• Koozer says:

        Well it does say that they won’t be picking purely from votes gathered, so there’s some hope.

  3. Metonymy says:

    I’ve always felt it appropriate that Valve chose the engineering and industry of the mid 1900s as their symbolism, since they regularly exhibit the characteristics of that age. Work, experimentation, innovation, and honesty.

    • SkittleDiddler says:

      I’m sorry, this is not the Steam forums. Valve employees do not regularly visit RPS, so you’re not going to get a volunteer mod position there by ass-kissing here.

      • SlappyBag says:

        No need to have a go at him, hes not so much arse kissing but in awe. I for one bloody well love Valve, their outlook and methodology for development is insanely refreshing in this day and age. No need to berate somebody who is praising them.

      • InternetBatman says:

        There’s nothing wrong with giving praise where praise is due. Valve delivers a good service and while they don’t always add the features I want (tags instead of categories in the library), they do consistently add features that make Steam better.

        • Lowbrow says:

          I’m not sure if this is praise or a subtle way of calling Valve the Robber Baron of the industry.

      • skinlo says:

        Calm down dear.

        • Premium User Badge

          Ninja Dodo says:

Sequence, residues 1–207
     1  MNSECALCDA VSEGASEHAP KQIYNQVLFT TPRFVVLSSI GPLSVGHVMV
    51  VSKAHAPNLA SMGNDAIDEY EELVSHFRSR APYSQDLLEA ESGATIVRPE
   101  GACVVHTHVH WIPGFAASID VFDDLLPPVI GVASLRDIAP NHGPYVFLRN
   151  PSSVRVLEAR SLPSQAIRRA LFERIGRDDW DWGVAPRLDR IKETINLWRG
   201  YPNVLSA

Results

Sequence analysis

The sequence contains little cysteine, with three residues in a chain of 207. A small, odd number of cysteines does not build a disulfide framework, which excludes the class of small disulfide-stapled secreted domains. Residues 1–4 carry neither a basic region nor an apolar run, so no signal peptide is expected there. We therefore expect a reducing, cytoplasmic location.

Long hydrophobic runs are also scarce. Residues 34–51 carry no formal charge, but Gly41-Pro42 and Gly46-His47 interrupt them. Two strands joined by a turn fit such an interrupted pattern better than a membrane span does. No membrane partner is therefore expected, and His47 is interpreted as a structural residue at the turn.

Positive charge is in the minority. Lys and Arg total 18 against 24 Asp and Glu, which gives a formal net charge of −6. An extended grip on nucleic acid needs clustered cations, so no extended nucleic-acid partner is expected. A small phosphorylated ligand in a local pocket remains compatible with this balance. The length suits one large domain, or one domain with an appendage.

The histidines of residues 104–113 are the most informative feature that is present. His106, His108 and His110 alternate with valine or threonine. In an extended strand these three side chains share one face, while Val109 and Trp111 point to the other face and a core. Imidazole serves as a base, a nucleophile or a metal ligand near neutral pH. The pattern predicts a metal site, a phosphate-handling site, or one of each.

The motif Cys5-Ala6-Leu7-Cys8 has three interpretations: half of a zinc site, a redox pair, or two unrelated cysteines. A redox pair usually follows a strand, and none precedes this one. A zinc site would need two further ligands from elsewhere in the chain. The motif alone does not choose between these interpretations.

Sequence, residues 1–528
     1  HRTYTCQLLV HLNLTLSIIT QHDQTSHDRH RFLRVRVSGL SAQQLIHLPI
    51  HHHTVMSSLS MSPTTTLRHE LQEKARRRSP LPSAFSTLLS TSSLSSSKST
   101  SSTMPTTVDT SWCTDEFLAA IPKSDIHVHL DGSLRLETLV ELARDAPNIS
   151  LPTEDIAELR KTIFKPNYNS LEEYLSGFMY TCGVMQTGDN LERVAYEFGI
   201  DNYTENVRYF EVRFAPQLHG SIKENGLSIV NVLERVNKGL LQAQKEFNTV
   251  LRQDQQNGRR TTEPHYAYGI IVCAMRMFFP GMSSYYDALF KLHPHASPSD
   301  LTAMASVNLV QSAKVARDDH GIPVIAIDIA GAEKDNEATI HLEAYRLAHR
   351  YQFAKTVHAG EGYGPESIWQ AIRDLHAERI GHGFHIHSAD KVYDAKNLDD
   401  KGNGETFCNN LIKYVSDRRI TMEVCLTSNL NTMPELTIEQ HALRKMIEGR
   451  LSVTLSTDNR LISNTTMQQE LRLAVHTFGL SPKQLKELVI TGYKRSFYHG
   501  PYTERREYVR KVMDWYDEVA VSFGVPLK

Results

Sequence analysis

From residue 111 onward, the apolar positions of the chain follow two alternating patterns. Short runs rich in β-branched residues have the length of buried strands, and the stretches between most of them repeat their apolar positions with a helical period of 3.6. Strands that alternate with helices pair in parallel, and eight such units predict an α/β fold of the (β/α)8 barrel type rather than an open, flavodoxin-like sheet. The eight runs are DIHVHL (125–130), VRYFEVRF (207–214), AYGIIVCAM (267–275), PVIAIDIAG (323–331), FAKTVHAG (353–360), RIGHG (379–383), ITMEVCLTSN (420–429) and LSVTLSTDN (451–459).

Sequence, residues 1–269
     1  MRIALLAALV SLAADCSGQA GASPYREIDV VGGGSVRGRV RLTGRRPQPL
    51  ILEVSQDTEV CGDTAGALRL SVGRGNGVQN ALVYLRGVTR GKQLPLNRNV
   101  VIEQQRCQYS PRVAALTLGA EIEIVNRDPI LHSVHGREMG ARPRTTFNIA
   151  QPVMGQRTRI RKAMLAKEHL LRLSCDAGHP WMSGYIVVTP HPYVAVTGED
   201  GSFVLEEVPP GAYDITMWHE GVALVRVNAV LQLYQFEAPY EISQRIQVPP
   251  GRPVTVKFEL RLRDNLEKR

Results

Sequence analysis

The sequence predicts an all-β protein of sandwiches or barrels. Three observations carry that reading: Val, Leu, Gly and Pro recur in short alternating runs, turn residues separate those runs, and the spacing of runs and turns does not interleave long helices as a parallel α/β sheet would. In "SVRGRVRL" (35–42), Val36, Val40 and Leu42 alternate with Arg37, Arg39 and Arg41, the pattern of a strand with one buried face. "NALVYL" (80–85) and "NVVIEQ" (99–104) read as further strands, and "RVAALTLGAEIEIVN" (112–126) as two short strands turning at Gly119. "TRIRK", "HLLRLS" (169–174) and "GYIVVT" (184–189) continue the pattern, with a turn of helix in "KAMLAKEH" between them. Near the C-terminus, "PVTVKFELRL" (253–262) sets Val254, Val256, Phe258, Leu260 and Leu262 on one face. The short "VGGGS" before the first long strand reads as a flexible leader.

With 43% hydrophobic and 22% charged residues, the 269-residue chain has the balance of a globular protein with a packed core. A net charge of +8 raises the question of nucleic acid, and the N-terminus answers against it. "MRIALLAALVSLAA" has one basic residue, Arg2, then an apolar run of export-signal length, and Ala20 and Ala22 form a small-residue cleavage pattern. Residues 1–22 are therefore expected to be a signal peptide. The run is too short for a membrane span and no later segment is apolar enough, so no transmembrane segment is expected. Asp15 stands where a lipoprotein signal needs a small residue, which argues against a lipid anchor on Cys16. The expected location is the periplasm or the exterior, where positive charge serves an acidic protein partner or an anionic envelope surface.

Sometimes I run into blocked comments and wonder whether I should unblock them, then I see a thread of “calm down” comments below and regret nothing.

      • SkittleDiddler says:

        Chill guys. Metonymy’s comment just reeks of sycophantism. It’s exactly the kind of thing that attention seekers write over at the Steam forums when they’re looking to get extra attention. It just seems out of place here.

        I am flattered that someone is blocking my comments though.

        • PopeJamal says:

          I’ve seen people get their teeth knocked out for saying less to someone in person. Calling someone a ass kisser isn’t necessarily a neutral type of thing.

          I thought it was pretty bad, and I used to be a professional jerk.

          • Dances to Podcasts says:

            I wonder what it takes to get fired from being a jerk. :)

          • SkittleDiddler says:

            It wasn’t meant to be a neutral comment, Internet Tough Guy.

          • Eukatheude says:

            Someone please explain to me how this kind of people made it onto rps in the first place.

          • Premium User Badge

            Ninja Dodo says:

            I think after the 300+ comment threads on Sarkeesian and Diablo all the angry people stayed.

          • Phantoon says:

            Hah! You think it began with Diablo 3?

            Nope, it’s been a slow trend, since the beginning. As the community got larger, and RPS got more exposure, the quality of comments trended downwards, because you get Kotaku types that click the wrong news link in Steam.

            It’s not been an outright bad thing, merely that there are plenty more bad types.

      • Raiyne says:

        How rude.